- Due to poor drainage system within flood prone area.
- Inadequate urban planning.
- Erecting of buildings along the drainage channels for example culverts, road and on water sheds.
- Establishment of settlements along river channels.
- Poor construction of embankments and dams may result in flood as in the case of Ogunpa river in Ibadan in Nigeria
Effects of flood
- Rising water, erosion and the force damages the residential and commercial building.
- They are dangerous for villages lying in the coastal areas as it sweeps away everything, which comes into its path. In mountainous areas flood is the chief cause of landslides.
- Floods can carry pollutants from the land or urban areas into the rivers and streams that are used by human communities.
- Floods also make soil infertile, as the topsoil is lost due to erosional activity,
- Immense flooded areas reduce the habitat for tropical organisms and restrict the use of the land for other purposes.
- Flooding can extend into traditional hunting grounds for indigenous groups, who have little political power to restrict this type of development.
- Flooding causes serious damage to cropland by eroding soil and washing away seeds or ruining crops every year hence making it difficult for farmers to provide food for its growing population.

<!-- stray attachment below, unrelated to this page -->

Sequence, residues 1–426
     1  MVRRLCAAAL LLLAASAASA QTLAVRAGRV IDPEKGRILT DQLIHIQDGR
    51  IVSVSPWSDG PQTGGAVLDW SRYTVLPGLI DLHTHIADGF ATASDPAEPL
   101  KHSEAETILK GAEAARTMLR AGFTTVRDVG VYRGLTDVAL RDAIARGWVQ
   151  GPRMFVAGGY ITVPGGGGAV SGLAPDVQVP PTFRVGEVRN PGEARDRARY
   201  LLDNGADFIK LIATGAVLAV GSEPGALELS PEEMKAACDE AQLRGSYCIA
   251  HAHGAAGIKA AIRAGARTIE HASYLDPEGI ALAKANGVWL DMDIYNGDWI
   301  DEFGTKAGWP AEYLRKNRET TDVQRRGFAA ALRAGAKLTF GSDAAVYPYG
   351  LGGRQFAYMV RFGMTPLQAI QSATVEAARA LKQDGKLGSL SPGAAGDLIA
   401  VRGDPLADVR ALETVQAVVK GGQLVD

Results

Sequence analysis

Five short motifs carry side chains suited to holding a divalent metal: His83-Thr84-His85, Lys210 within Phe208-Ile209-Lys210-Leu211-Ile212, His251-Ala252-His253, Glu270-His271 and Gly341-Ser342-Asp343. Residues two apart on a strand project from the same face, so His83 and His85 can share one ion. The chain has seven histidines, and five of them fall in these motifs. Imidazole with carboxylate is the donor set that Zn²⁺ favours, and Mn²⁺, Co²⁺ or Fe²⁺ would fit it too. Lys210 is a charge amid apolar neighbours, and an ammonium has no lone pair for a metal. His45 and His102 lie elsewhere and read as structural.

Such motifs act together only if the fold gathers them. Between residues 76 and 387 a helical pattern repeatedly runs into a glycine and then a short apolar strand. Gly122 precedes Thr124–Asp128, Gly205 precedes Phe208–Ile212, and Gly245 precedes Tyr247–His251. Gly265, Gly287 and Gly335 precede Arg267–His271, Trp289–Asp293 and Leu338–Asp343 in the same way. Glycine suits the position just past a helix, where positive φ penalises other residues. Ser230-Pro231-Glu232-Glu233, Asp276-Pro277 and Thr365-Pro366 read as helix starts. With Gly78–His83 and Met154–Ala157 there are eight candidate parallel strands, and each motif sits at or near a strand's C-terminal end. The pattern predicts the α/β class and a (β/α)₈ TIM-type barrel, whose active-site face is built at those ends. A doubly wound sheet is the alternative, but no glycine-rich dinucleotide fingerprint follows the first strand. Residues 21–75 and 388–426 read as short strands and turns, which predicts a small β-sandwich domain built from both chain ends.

- Fisherman, local people, cattle, animals and vegetation suffer a great loss of life and property. Most of the deaths are reported to be from drowning.
- Fresh water supplies by all sources are nearly destroyed and contaminated hence the areas falling under the impact of flooding are exposed to water borne diseases.
- The destruction of food and fodder crops lead to acute food shortage.
- It makes human and vehicle movement very difficult.
- flooding leads to diversion of public fund.
Prevention of flood
- There should be a legislation against indiscriminate dumping and erection of buildings in swampy areas.
- Depth and width of the riverbed could be increased as its capacity to carry larger loads increases manifold and thus reduce the area of the flood plain.
- A network of canals can be established from the river systems, which generally leads to floods. This would also benefit the agricultural economy/ section. Proper care must be taken in the design and construction because of the possible environmental impact and necessary safety features.
- Reservoirs should be made for storing floodwater and releasing them at manageable rates for example, artificial dams and canals should built along flood areas to help control the flooding, this also will provide water for irrigation of the farms especially during the dry season.
- Proper urban planning can be encouraged to avoid urban flooding and public enlightenment campaign on the effects of flooding.
- Through the construction of bridges and culverts and establishment of environmental sanitation to drain culverts.
- Rivers and streambeds should be matted with stone, masonry or vegetation at the banks. This should strictly be followed where rivers pass through cities, most especially near bridges.
- Newly constructed residential as well as commercial buildings should have foundations, that are strong enough to withstand flood conditions.